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LSD: A Trip into the Future?

by Doug Yurchey

©2005 Doug Yurchey
All Rights Reserved.
Reprinted with Permission

This writer in NO WAY advocates the use of LSD for the general public. People cannot handle the truth, let alone a stimulas that magnifies reality. Too many people want to escape because they cannot deal with reality as it is. LSD is an intensifier of what is real. The user gets an enormous dose of REALITY. LSD is not for everyone or even most people…because many people do not want to see, hear and feel.

Remember LSD? LSD is like God; it is a very controversial subject. People have their views on lysergic acid diethylamide. Few people still use acid. But, there are those people who have used for decades without any harmful effects. Then, there are most people who have been programmed against such mind alterations. Who owns a truly open mind regarding LSD or are pro-LSD? Minds are usually made up and people are quite definite about their feelings on the subject. Like the topic of God, people are very opinionated.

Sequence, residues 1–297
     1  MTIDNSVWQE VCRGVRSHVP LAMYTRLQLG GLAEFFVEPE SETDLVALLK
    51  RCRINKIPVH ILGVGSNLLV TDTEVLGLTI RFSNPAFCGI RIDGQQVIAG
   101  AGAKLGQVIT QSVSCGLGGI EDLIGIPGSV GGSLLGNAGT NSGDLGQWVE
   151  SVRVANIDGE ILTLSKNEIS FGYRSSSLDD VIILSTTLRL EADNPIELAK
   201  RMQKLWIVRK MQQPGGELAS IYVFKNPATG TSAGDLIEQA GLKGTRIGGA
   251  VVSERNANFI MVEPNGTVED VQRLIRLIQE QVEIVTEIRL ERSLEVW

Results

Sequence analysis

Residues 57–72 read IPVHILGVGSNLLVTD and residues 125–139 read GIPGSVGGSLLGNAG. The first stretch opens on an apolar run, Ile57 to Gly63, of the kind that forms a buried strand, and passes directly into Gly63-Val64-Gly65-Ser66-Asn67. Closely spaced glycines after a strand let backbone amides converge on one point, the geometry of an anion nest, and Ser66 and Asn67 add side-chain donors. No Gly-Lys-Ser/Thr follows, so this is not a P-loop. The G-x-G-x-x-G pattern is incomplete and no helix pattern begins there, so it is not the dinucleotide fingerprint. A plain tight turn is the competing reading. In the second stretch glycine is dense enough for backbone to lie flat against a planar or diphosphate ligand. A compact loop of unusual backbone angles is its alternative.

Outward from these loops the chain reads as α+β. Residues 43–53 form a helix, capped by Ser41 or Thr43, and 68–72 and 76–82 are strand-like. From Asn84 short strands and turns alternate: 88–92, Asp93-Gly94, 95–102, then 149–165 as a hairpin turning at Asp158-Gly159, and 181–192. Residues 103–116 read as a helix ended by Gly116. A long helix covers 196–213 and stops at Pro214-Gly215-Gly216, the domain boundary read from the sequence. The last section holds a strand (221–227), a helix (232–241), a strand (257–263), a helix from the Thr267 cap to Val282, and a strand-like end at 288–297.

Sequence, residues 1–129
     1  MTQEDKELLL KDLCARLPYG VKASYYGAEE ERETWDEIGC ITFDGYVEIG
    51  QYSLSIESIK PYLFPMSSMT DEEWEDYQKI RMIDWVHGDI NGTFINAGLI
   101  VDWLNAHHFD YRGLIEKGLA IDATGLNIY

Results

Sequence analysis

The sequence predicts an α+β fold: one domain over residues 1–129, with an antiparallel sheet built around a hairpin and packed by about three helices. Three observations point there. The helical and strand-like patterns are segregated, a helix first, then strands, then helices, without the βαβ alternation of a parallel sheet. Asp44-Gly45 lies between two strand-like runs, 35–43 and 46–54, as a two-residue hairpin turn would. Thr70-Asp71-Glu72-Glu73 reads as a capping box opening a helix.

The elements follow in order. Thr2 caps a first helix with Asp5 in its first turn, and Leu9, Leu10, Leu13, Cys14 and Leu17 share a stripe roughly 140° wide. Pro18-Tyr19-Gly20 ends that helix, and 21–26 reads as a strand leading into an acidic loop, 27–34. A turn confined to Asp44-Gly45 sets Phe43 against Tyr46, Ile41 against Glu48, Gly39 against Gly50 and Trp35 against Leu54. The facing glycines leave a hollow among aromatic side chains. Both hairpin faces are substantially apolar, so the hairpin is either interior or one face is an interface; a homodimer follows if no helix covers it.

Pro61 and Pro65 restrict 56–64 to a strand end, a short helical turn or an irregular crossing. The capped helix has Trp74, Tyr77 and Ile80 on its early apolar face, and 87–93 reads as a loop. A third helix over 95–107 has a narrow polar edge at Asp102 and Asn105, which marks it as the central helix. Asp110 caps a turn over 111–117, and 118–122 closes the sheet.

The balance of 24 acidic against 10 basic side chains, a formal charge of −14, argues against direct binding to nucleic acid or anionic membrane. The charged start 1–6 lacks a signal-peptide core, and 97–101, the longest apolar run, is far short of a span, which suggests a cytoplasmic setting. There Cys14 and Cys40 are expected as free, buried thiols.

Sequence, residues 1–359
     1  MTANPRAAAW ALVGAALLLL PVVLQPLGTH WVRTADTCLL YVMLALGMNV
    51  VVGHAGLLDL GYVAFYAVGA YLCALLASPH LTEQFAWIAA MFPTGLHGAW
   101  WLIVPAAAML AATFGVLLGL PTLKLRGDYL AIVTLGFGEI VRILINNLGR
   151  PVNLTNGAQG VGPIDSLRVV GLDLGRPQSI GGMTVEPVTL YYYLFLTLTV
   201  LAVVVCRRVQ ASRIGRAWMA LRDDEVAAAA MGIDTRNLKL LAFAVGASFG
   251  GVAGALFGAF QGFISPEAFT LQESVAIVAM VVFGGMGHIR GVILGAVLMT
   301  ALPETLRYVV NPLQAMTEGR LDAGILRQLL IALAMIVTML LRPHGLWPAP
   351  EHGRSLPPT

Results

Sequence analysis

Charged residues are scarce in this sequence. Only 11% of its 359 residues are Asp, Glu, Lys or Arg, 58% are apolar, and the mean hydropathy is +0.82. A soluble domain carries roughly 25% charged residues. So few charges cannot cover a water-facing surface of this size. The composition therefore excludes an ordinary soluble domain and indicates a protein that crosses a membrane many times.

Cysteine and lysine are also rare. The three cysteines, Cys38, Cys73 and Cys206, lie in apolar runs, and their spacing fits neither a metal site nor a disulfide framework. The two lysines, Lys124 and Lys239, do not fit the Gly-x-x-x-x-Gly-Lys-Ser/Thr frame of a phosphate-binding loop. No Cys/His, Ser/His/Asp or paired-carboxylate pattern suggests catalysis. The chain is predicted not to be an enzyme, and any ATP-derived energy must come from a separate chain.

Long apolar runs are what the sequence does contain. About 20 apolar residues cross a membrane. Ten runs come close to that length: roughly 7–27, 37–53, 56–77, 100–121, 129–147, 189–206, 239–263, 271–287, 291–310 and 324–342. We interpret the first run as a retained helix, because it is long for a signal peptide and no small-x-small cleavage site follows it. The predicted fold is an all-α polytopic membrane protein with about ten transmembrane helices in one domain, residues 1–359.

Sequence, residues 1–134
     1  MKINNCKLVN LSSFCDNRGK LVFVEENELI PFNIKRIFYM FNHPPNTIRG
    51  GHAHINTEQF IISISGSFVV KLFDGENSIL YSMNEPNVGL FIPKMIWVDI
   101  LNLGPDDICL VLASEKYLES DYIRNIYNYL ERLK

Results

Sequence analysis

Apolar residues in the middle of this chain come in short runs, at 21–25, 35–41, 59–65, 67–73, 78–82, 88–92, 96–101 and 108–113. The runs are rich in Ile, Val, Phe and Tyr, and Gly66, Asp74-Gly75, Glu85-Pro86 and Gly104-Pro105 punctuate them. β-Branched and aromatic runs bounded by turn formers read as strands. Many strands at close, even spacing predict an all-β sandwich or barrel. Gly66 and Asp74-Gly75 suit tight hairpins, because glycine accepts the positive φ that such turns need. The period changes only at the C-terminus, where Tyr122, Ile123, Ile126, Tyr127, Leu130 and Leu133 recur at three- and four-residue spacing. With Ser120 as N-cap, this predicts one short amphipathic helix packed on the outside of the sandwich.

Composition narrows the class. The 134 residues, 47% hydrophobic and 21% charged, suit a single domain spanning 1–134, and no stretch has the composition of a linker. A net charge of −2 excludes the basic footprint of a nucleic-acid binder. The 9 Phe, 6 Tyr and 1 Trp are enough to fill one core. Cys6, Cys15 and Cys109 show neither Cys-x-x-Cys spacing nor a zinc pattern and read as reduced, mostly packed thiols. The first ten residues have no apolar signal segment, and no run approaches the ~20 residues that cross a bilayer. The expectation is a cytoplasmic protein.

Dr. Albert Hofmann was a research chemist at Sandoz Labs in Basle, Switzerland.
In April of 1943, Dr. Hofmann accidently ingested a small amount of a compound he had synthesized five years earlier from a rye fungus ergot.

'I experienced fantastic images of an extraordinary plasticity. They were associated with an intense kaleidoscopic play of colors. After two hours, this condition disappeared,' Dr. Hofmann later stated. His stunning discovery was labeled d-lysergic acid diethylamide tartrate or LSD-25. It was soon called 'the most powerful drug yet known to man.'

In the 1950s, investigators from various scientific disciplines began to use LSD as a research tool. Psychologists reported that LSD could greatly facilitate the process of psychotherapy. Others declared that it was of no positive use whatsoever and was, in fact, dangerous. The controversy raged, but most of the general public never heard about it.

'The discovery of LSD marked one of the three major breakthroughs of the 20th Century....In psychology, the psychedelics have provided the key to the unimaginable vastness of the unconscious...'

- Dr. Duncan B. Blewett